WHY ARE THERE DOGS AT COURT?
If you go to court in NSW for the first time, you might be surprised to see teams of dogs inside the building. These are therapy dogs, which support victims of crime while they attend court. Court proceedings can be intimidating and emotionally draining, so these cute canines provide some much-needed affection to reduce stress and help people feel more relaxed.
Which courts do dogs attend?
The dogs are provided by a community-based initiative called the Canine Court Companion Program (CCCP). Guide Dogs NSW/ACT spearheads the campaign, which is supported by the NSW Department of Justice (Victim Services). Dogs attend courts in Burwood, Campbelltown, Gosford, Goulburn, Lismore, Manly, Nowra, Orange, Sutherland, and Wagga Wagga.
Therapy dogs typically attend court four mornings a week, for 90 minutes at a time. The CCCP teams rotate through the different courts, however, the teams can receive special requests from police officers or court professionals if someone is experiencing high levels of anxiety and could benefit from a furry friend. They’re found in publicly accessible areas, such as the foyer.
What’s the benefit of having dogs at court?
Data from Guide Dogs NSW/ACT indicates that 96 per cent of people who engage with therapy dogs had a positive experience. Interactions are proven to have calming effects, such as lowering heart rate and improving mental clarity. Who can resist a smiling face? Most therapy dogs are Labradors, which are known for their gentle, intelligent and kind natures. They provide non-judgemental support and a welcome distraction between court sessions.
Victims and witnesses of crime often have to talk about difficult things while they’re in court, such as sexual assaults or domestic violence. They may also be living with trauma. Therapy dogs respond to emotional signals, such as crying or trembling, and offer support. They can take up to two years to train, which means they’re very well socialised and well behaved. Of course, personality is very important too. Not every dog is suitable for this kind of work.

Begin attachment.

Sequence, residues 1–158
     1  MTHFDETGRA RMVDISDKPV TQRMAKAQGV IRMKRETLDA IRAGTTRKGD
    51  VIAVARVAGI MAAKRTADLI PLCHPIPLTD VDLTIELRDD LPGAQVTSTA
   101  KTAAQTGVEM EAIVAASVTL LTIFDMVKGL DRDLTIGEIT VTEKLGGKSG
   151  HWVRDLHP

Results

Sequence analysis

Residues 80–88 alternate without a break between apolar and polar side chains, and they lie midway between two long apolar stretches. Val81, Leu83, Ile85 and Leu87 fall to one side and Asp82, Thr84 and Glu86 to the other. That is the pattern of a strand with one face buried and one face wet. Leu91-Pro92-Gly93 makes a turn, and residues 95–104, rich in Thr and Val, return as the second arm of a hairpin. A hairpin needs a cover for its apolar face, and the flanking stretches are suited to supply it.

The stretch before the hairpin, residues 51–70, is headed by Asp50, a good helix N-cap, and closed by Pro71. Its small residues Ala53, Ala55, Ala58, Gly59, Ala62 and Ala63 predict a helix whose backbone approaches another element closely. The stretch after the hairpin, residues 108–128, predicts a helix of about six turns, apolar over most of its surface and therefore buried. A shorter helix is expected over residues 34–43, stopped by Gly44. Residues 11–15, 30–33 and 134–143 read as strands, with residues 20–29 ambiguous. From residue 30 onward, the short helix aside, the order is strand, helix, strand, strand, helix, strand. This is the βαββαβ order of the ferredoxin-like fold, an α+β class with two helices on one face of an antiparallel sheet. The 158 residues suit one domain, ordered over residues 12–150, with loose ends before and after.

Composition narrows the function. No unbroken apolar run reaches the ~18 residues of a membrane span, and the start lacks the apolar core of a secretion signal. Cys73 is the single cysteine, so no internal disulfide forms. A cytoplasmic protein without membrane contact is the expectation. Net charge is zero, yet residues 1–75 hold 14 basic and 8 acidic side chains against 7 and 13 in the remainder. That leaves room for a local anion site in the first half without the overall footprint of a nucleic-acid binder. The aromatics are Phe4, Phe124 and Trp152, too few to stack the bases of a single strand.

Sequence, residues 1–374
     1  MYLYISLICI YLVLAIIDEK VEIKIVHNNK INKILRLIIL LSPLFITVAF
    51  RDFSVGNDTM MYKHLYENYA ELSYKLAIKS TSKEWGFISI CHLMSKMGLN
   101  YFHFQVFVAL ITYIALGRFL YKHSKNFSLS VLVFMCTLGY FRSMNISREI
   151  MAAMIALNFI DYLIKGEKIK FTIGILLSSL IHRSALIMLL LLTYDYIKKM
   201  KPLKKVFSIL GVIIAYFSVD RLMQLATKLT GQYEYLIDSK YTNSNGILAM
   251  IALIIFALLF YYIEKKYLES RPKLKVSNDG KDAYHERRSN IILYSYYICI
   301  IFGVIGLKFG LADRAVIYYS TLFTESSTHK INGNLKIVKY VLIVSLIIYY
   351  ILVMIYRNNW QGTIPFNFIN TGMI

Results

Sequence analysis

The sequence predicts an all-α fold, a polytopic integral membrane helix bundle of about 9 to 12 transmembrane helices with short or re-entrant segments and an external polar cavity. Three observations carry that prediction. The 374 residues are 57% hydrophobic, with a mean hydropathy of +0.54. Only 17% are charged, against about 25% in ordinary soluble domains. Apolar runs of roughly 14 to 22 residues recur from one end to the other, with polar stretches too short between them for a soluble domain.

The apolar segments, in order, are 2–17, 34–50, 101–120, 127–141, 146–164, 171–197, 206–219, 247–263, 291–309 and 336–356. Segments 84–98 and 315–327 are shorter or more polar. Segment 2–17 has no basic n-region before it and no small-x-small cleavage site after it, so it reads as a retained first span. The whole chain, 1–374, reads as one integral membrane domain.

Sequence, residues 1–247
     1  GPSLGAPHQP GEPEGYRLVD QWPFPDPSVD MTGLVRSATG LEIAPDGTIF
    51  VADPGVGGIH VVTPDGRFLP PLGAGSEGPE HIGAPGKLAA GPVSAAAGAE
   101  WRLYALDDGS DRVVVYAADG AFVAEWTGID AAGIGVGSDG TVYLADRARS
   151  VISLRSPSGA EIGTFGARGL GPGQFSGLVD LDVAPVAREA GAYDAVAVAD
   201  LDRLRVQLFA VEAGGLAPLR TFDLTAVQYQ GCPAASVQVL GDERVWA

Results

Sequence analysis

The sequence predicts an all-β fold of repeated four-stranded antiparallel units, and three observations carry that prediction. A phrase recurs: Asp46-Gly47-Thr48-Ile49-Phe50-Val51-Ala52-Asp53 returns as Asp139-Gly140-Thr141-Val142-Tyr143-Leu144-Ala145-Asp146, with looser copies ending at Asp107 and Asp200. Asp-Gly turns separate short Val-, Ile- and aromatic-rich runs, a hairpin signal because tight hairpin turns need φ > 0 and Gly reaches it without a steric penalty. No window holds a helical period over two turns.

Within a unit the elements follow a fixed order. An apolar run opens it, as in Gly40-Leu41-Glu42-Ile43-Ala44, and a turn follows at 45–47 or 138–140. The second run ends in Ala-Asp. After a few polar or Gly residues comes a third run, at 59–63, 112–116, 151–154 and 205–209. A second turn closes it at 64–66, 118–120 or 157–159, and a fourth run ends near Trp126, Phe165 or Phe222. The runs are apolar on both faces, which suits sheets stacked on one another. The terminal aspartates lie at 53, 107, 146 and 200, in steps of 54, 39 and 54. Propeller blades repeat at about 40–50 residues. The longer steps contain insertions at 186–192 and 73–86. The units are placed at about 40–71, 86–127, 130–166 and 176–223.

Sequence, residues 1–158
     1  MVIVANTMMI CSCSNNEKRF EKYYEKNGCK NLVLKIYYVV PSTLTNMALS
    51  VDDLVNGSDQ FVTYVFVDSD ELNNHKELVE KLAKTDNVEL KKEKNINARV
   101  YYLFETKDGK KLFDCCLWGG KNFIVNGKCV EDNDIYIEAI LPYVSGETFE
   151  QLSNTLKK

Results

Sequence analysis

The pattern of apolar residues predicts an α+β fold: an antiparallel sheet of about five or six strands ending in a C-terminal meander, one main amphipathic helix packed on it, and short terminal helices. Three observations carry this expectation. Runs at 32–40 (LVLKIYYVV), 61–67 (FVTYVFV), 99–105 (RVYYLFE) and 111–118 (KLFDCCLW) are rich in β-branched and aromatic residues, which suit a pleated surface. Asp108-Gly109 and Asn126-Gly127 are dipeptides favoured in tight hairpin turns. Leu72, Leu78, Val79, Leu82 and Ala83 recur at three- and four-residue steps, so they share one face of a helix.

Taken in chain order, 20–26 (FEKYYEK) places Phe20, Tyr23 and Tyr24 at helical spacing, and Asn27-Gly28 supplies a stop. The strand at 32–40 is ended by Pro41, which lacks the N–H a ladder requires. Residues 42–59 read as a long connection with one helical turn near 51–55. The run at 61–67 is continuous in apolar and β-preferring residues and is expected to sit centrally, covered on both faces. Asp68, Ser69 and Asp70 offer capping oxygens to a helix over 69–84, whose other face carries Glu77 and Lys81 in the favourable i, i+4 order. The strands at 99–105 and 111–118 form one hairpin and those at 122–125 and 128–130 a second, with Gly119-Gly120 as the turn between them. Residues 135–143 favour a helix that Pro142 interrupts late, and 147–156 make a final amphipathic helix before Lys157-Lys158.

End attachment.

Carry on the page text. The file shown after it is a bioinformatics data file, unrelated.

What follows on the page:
What do therapy dogs do when they’re not in court?
Therapy dogs live with volunteer hosts, who train to become therapy dog handlers. Once the orange vest comes off, they’re allowed to run, sniff, and play just like any other dogs.
Are therapy dogs the same as guide dogs?
When you attend court, you might also see guide dogs. Guide Dogs NSW/ACT organises both programs, but there are some important differences between guide dogs and therapy dogs.
Guide dogs are trained to help people with low vision or blindness. They wear distinctive harnesses and it’s very important not to touch them while they’re working. This could distract them, which could pose a risk to the health and safety of the person they’re helping.
Therapy dogs, on the other hand, are trained to provide comfort and affection for people experiencing high levels of anxiety. That means people are encouraged to pat, hug, and play with them. They wear an orange therapy dog vest and are often sporting a wagging tail.
The next time you see a therapy dog at court, don’t hesitate to go up and say hello.